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Fox: Digital movies will now precede Blu-ray, DVD versions

Prometheus

Until now Hollywood has been somewhat hesitant to embrace the idea of releasing its major films as downloadable, digital copies. Sure, most films eventually see a digital release, but it’s been standard practice to only offer such a thing once a movie is available on Blu-ray and DVD. Twentieth Century Fox however, has decided to buck this trend, and will be releasing its future films in digital format prior to their Blu-ray and DVD releases.

Deadline reports:

The studio will launch the effort September 18 by releasing Prometheus – Fox‘s biggest title so far this year — three weeks ahead of DVD and Blu-ray, and VOD. There’ll also be more than 600 films offered under the program branded Digital HD. The big change, though, is that Fox now plans to offer movies ahead of traditional home video, in most cases by about two weeks. It will do that with upcoming releases including Abraham Lincoln: Vampire Hunter, Ice Age: Continental Drift, The Watch, and Diary Of A Wimpy Kid: Dog Days. Amazon, CinemaNow (Best Buy), iTunes, PlayStation, VUDU (Walmart), and Xbox are on board to sell the films — likely for just under $15. That would represent a discount from previous movie downloads, which typically sold for about $20.

That’s great news for anyone who hates maintaining a large collection of discs, but as Deadline points out, the arrangement could prove complicated for those who want to stream their digital movies at will. In short, the site worries that since existing digital content providers like Apple (iTunes), Amazon and even Wal*Mart all offer their own rules and restrictions for streaming movie content, that users who purchase a Fox film on one format may eternally be locked into that particular service when/if they hope to watch whichever movie they’ve purchased.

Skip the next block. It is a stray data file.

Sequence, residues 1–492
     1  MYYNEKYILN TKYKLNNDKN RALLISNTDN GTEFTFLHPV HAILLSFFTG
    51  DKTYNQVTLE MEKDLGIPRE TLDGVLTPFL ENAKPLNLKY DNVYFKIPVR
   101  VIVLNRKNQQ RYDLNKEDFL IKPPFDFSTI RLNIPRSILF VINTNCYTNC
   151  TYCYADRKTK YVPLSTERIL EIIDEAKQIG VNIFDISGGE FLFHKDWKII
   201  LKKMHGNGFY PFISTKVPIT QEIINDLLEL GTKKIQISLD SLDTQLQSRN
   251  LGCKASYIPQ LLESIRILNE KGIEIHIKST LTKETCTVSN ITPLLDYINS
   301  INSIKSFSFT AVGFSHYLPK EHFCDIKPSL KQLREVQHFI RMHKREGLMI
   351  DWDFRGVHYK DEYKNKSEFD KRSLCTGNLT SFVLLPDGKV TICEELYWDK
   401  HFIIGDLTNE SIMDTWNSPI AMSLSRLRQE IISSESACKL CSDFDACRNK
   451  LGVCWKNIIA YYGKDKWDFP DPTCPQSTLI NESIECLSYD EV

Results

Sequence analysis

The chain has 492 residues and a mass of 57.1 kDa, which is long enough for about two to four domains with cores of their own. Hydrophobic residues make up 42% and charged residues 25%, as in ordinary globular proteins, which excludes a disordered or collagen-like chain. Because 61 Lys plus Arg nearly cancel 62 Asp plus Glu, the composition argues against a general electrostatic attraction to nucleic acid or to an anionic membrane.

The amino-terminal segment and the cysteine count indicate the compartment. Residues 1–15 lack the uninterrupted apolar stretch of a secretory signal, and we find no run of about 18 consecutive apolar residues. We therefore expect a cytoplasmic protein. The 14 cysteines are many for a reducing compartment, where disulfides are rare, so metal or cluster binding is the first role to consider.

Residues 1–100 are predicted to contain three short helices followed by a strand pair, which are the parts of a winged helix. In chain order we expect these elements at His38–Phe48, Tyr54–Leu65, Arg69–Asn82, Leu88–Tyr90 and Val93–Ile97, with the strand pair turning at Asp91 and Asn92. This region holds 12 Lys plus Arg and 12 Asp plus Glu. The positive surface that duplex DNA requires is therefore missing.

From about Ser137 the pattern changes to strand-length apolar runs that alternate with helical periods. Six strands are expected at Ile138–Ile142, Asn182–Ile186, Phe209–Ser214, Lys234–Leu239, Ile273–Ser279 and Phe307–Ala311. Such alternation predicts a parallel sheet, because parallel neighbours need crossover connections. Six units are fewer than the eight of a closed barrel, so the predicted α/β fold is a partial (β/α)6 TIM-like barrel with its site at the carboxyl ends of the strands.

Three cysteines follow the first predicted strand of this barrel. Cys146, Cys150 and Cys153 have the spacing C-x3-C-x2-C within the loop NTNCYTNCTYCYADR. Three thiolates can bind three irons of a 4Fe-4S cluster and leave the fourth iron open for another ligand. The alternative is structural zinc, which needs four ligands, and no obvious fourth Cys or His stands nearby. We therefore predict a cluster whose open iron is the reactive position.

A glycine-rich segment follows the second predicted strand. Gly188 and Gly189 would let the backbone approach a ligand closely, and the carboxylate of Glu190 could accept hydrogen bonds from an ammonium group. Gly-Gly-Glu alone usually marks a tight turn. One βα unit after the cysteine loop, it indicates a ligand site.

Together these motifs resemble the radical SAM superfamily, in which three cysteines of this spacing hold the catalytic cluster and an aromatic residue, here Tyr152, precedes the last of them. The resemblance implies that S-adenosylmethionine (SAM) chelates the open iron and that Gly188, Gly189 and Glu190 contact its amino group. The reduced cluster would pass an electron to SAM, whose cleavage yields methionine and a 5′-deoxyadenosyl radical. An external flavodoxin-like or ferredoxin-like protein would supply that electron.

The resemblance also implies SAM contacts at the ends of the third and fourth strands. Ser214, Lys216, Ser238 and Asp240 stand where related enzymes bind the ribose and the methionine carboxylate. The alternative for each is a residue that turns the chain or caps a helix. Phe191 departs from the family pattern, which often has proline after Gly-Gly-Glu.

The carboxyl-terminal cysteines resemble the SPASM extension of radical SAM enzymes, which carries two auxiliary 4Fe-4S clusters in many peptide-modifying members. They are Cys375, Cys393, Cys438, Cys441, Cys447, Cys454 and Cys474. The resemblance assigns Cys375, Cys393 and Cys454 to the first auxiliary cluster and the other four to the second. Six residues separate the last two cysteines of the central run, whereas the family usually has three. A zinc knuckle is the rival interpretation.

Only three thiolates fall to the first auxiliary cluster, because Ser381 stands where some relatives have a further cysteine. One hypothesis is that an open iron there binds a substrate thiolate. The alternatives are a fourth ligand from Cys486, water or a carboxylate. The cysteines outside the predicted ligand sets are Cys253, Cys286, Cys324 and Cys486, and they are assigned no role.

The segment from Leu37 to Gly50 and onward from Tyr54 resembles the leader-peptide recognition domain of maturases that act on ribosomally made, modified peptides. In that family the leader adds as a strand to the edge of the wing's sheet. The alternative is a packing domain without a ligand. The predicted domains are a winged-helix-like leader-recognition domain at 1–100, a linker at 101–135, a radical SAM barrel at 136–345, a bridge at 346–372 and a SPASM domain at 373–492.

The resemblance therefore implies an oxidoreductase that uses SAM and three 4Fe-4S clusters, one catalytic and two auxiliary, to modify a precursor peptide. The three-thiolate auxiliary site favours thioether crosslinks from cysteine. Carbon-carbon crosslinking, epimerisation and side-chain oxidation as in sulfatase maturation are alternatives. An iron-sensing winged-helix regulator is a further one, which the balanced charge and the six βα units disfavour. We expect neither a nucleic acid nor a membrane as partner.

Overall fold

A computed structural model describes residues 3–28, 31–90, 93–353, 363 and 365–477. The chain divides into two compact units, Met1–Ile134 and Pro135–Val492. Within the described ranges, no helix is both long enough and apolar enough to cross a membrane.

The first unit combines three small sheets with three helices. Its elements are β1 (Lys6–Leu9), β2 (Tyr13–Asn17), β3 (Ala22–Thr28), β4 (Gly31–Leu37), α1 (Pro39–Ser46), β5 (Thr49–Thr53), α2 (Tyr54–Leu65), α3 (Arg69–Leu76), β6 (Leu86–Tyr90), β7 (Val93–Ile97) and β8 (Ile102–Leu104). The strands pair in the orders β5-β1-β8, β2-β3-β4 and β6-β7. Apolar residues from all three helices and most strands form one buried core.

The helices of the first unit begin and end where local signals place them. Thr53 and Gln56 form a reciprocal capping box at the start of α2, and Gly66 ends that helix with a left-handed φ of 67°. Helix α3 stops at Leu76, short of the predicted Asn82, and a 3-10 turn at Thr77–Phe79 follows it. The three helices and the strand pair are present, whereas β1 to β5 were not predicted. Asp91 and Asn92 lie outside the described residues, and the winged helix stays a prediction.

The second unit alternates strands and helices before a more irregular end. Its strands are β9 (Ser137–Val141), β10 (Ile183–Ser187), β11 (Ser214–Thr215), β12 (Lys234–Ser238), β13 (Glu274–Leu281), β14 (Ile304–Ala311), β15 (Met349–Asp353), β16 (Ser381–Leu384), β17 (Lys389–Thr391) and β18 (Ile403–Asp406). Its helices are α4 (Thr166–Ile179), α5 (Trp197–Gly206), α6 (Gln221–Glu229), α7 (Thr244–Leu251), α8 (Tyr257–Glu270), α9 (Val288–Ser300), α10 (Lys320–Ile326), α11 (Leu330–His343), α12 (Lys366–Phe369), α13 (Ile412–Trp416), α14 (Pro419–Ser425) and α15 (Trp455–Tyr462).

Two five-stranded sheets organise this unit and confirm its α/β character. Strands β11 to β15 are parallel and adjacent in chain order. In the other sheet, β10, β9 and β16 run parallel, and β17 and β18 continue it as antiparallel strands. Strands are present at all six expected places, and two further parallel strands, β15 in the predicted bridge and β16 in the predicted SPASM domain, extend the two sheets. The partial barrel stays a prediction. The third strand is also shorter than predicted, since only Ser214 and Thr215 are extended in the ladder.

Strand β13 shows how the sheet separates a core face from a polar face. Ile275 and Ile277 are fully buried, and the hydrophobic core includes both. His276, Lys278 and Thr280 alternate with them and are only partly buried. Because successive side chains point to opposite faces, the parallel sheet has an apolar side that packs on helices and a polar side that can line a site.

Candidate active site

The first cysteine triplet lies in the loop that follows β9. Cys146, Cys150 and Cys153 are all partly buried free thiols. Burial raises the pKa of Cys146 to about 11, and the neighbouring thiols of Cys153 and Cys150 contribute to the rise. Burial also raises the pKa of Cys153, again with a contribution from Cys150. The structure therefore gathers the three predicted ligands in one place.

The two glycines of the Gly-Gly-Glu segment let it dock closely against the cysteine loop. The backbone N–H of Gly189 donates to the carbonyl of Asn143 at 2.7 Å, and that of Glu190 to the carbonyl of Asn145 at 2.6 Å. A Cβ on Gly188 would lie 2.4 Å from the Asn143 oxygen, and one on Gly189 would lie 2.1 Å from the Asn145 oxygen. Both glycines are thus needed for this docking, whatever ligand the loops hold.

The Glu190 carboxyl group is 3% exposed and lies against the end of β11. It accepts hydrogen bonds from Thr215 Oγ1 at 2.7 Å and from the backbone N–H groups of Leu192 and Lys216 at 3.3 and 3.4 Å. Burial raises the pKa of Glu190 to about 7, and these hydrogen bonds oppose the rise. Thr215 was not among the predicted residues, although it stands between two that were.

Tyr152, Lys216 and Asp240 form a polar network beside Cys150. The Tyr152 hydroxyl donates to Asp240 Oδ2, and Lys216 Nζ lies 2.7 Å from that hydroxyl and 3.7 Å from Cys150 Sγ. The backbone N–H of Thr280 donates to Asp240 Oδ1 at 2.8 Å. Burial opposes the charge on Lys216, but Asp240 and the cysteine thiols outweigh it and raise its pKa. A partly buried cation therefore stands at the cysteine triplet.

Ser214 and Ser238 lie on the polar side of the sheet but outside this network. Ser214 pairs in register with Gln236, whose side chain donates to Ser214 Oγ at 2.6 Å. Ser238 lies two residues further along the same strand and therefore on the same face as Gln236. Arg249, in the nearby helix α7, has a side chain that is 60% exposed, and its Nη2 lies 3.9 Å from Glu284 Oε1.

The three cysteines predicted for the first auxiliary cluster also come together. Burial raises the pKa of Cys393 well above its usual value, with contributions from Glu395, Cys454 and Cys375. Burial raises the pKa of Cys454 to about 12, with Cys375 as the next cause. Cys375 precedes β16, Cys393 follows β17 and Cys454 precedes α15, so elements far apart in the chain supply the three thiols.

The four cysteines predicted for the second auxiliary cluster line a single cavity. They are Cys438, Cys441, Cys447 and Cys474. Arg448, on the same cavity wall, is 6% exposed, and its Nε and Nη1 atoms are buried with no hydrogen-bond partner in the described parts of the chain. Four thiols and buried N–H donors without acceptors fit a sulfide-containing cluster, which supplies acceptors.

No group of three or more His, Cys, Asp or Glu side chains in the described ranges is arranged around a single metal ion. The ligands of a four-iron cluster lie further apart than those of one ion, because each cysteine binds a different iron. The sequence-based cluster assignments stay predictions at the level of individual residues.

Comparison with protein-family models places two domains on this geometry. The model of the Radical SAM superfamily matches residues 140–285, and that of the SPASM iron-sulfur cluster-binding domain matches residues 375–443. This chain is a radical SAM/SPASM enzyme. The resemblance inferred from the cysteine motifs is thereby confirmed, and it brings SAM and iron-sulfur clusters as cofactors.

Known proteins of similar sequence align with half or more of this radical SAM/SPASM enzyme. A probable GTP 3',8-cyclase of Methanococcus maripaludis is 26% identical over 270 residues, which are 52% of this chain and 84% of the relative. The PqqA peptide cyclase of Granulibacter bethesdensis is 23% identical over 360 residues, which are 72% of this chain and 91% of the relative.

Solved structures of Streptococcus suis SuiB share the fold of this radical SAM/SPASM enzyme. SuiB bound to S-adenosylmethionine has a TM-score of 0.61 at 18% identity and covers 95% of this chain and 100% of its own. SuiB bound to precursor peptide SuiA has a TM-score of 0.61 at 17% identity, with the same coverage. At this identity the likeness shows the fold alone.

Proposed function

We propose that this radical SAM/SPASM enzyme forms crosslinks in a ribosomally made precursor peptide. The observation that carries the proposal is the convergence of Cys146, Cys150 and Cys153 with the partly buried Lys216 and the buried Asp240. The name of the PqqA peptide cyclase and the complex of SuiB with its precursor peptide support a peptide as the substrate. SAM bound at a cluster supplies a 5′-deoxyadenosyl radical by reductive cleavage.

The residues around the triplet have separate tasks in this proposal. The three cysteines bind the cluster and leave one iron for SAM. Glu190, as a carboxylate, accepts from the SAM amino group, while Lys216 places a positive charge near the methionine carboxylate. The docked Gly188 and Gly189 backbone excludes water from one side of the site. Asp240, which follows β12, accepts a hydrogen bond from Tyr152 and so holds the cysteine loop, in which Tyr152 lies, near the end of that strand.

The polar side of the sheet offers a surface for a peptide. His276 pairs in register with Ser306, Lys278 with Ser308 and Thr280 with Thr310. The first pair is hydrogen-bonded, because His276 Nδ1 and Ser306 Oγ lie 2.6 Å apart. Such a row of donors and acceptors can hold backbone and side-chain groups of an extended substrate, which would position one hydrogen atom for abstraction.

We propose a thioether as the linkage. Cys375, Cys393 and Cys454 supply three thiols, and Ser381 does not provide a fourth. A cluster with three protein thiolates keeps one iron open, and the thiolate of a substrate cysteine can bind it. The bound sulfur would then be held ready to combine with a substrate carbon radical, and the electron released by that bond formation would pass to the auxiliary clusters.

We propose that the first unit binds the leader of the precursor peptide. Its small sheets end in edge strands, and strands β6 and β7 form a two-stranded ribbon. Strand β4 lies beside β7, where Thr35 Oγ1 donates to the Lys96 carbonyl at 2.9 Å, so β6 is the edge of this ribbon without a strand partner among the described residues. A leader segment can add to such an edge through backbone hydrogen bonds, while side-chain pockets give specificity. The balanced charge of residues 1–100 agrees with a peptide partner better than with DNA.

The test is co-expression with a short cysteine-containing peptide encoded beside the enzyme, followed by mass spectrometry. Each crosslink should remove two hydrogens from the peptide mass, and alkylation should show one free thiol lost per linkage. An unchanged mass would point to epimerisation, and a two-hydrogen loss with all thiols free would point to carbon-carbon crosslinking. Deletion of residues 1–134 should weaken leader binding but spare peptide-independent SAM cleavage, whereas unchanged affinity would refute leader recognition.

That’s a reasonable concern, though we feel the more pressing issue is that of Digital Rights Management. Presumably the executives at Fox will have doused the studio’s movies in a thick coat of DRM before they hit the information superhighway to prevent piracy of these films, and this leads us to believe that, as usual, the DRM will cause more problems than it solves. Or, failing that, pirates will crack the DRM so quickly and with such aplomb that Fox will roll back this plan and blame the scary ol’ Internet for crushing its dreams of profit.

That said, we’re glad to see Fox putting this idea into action. Not only because we hate having a shelf full of Blu-ray discs that could just as easily store books or tiny porcelain figurines, but also because that hypothetical situation involving pirates we just mentioned is almost certain to occur. Unless you’re a movie executive or own Fox stock, the company’s reaction to such a situation should prove entertaining (or, at the very least, provide plenty of news for us to write about).